Bat Season is Here: What to Do If You Find an Injured One
I can't think of bats without immediately quoting Hunter S. Thompson from Fear & Loathing in Las Vegas - "We can't stop here! This is bat country!" but literary quotes aside, bats are an integral part of our eco-system and it's migration season.
According to the Indiana Division of Fish and Wildlife, spring is when bats migrate. They say some species are already traveling while others are just waking up. This time of year, it's not uncommon to see bats flying around in the Hoosier state and you may even spot one hanging out under the eaves of your home.
There are actually 13 different bat species that call Indiana home. According to the Department of Natural Resources, six of those species are subterranean - meaning they live underground in caves or mines when it's time to hibernate. With the exception of the Big Brown Bat, twelve of the thirteen species found in Indiana are either considered "State Endangered" or of "Special Concern." The most rare of the thirteen bats to be found in Indiana include the Eastern Small-footed bat, Rafinessque's Big-eared Bat and the Southeastern Bat.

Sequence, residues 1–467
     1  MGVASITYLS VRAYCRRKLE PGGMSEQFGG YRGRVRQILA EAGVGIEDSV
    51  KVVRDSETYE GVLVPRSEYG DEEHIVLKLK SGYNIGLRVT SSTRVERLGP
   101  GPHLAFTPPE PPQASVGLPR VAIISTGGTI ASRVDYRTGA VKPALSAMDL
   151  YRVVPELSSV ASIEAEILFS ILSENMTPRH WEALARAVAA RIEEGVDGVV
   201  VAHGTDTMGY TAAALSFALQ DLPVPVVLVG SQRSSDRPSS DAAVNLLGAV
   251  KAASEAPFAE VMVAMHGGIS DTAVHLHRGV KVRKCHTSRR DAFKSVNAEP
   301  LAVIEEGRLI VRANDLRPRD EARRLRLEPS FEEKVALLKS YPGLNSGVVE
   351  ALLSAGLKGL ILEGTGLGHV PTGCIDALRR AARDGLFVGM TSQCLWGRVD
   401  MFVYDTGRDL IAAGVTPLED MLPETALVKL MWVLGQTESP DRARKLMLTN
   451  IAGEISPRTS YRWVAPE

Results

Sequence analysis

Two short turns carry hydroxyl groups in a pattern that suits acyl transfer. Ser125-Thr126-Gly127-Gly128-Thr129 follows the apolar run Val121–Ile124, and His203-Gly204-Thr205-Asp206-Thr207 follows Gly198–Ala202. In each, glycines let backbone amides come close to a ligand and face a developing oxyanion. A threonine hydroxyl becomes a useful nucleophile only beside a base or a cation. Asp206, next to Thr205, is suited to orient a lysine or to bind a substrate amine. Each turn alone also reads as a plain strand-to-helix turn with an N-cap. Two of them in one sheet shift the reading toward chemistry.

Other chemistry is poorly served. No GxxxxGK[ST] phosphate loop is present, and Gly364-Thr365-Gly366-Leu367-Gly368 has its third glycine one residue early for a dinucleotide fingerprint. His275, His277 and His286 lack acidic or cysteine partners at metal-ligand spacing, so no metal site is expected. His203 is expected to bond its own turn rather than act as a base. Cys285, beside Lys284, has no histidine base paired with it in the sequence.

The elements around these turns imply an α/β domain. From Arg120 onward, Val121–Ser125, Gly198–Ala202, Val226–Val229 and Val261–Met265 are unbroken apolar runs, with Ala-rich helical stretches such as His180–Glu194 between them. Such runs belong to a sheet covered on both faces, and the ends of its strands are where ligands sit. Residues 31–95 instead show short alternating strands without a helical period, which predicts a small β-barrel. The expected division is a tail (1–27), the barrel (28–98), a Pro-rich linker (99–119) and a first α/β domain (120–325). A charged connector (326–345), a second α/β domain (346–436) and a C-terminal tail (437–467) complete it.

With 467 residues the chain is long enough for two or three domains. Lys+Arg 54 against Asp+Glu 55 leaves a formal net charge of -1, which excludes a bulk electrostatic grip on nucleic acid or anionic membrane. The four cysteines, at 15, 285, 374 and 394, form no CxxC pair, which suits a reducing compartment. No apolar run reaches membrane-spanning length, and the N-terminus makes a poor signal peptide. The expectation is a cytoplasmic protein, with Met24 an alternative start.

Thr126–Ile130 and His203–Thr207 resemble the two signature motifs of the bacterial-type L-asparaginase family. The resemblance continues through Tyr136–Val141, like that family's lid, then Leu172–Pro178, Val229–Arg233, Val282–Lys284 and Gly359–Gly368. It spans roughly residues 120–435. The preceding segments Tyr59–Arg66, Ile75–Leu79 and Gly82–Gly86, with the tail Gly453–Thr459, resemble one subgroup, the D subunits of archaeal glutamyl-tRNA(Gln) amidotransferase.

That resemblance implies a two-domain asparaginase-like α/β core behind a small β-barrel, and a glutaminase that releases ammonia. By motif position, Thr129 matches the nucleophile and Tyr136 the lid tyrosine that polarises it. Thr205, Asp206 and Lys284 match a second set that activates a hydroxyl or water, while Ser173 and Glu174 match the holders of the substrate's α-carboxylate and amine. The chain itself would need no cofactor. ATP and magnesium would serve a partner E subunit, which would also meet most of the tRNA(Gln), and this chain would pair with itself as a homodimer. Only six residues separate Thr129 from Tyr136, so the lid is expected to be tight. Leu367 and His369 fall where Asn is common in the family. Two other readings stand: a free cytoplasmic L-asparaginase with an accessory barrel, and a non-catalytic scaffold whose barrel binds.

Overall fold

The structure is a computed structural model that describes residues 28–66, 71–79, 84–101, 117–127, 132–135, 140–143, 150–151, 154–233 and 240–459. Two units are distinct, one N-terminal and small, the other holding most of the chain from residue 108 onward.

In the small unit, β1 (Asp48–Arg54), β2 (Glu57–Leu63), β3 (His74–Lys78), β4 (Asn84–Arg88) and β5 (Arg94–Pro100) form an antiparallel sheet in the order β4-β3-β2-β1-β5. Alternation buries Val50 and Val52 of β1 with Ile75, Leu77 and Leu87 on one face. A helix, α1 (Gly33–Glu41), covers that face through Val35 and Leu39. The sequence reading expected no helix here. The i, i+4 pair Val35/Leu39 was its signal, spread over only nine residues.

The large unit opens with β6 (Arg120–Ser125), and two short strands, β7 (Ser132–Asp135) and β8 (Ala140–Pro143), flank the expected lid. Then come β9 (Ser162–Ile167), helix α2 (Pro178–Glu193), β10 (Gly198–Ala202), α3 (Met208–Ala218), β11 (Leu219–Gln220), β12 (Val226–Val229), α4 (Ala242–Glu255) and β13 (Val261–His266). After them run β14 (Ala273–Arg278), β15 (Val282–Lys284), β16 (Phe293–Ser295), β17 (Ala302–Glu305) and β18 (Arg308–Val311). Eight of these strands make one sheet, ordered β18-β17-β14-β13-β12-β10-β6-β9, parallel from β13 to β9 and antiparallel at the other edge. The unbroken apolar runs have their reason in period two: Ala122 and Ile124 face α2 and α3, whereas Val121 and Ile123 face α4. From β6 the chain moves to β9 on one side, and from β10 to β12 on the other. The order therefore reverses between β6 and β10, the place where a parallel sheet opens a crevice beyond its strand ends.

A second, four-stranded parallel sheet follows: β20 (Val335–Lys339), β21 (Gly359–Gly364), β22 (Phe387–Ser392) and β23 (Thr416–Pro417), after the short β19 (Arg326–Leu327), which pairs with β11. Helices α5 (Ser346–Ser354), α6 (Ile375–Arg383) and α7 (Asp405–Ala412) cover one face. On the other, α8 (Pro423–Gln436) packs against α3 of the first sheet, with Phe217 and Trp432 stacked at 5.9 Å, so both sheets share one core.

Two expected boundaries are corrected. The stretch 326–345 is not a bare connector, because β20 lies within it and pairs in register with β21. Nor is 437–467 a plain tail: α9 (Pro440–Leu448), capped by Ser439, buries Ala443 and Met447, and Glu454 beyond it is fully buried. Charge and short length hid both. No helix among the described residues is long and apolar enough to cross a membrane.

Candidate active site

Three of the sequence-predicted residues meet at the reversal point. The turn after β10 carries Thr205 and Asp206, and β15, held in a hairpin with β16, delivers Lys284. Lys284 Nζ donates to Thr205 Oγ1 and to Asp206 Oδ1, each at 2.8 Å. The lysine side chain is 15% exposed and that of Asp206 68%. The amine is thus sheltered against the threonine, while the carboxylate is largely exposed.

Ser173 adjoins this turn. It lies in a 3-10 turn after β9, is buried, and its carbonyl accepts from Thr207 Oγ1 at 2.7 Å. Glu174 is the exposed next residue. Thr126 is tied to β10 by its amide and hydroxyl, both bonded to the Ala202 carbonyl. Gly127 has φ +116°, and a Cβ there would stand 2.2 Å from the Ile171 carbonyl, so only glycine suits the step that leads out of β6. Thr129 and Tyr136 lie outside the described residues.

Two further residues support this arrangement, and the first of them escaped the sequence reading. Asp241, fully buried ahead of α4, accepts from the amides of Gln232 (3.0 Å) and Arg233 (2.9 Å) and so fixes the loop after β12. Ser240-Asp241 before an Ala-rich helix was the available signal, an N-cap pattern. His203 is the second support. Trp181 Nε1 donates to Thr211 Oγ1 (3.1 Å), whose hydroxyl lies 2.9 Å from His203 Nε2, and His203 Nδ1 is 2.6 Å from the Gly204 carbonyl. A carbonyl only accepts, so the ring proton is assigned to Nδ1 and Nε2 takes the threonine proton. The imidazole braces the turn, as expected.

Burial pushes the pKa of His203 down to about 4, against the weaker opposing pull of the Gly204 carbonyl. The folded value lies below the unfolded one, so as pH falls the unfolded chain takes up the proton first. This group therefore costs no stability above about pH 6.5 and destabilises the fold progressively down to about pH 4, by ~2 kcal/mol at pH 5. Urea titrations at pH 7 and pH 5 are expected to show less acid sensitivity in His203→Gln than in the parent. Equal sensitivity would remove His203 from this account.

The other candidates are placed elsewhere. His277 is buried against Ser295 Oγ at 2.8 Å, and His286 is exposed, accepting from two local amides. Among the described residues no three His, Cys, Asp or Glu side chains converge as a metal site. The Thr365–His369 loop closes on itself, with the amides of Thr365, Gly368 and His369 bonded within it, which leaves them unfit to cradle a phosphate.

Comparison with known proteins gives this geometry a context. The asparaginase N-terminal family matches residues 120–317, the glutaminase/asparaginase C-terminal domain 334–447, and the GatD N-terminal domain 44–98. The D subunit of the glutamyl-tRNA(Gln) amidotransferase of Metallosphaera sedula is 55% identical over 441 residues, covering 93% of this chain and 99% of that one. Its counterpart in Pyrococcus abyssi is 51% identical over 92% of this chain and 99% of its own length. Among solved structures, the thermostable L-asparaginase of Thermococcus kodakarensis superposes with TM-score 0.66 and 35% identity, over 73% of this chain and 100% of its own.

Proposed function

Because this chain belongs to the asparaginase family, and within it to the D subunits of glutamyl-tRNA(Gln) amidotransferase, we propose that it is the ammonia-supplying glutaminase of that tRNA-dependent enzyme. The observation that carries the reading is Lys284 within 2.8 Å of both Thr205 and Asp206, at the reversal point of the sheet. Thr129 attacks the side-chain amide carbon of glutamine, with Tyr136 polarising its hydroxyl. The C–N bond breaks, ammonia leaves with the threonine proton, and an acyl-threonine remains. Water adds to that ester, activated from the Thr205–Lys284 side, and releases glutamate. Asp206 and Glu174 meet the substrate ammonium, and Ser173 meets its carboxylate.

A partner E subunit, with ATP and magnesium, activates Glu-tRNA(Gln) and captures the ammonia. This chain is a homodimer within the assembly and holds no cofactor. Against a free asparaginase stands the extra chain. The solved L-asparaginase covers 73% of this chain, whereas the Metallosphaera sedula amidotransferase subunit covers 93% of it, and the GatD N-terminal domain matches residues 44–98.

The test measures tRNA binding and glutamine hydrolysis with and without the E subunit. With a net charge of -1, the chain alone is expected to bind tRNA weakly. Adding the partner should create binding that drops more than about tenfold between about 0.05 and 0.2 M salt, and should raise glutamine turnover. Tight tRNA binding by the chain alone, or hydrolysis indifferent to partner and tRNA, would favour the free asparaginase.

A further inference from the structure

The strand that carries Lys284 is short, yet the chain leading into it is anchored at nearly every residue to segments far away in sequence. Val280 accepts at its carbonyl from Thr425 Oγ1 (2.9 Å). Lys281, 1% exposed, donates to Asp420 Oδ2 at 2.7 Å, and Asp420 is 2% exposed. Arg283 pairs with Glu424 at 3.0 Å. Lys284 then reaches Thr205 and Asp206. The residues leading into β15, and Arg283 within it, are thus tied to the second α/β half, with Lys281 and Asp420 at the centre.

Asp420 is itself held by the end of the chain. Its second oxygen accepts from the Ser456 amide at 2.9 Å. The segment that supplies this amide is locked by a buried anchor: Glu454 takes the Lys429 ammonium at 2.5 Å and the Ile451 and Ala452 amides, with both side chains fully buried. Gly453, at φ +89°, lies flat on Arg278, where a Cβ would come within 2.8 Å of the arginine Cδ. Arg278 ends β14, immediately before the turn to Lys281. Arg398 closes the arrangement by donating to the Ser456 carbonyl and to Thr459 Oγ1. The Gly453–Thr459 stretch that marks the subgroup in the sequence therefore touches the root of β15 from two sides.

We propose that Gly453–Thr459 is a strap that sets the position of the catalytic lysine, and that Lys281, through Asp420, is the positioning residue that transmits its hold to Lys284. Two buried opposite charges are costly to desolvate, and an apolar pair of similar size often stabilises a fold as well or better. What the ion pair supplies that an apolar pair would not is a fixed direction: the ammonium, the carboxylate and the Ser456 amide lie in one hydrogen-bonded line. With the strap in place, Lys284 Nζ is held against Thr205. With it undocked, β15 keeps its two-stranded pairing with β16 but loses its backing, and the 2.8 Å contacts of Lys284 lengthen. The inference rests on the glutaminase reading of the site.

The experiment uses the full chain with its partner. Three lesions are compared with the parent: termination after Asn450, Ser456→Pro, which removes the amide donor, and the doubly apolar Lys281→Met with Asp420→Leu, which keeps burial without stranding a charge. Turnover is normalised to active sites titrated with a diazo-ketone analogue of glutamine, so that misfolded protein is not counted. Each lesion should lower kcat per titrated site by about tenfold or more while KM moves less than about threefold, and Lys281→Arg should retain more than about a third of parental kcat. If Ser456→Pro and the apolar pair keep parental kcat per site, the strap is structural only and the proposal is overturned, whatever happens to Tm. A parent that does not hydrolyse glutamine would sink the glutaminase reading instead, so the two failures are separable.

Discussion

While you may not think bats are as cool as I do, the truth is they are remarkable creatures. They can eat half of their body weight in insects like beetles and mosquitos - every night! They are a tremendous asset to our eco-system. In fact, according to the Indiana Department of Resources,
Many insects eaten by bats are harmful agricultural and forest pests. It is estimated that the economic impact to the agricultural industry due to the loss of insect-eating bats in North America could exceed $3.7 billion per year.
With these little bug-eaters are on the move this time of year, it is entirely possible that you might encounter one that is injured but do you know what to do or who to call if you find a bat in need? You can find all the recommendations on determining if an animal is in fact in need of human aid by visiting the Indiana Department of Natural Resources. You'll also find a list of permitted wildlife rehabilitators in Indiana, including several in Vanderburgh county.
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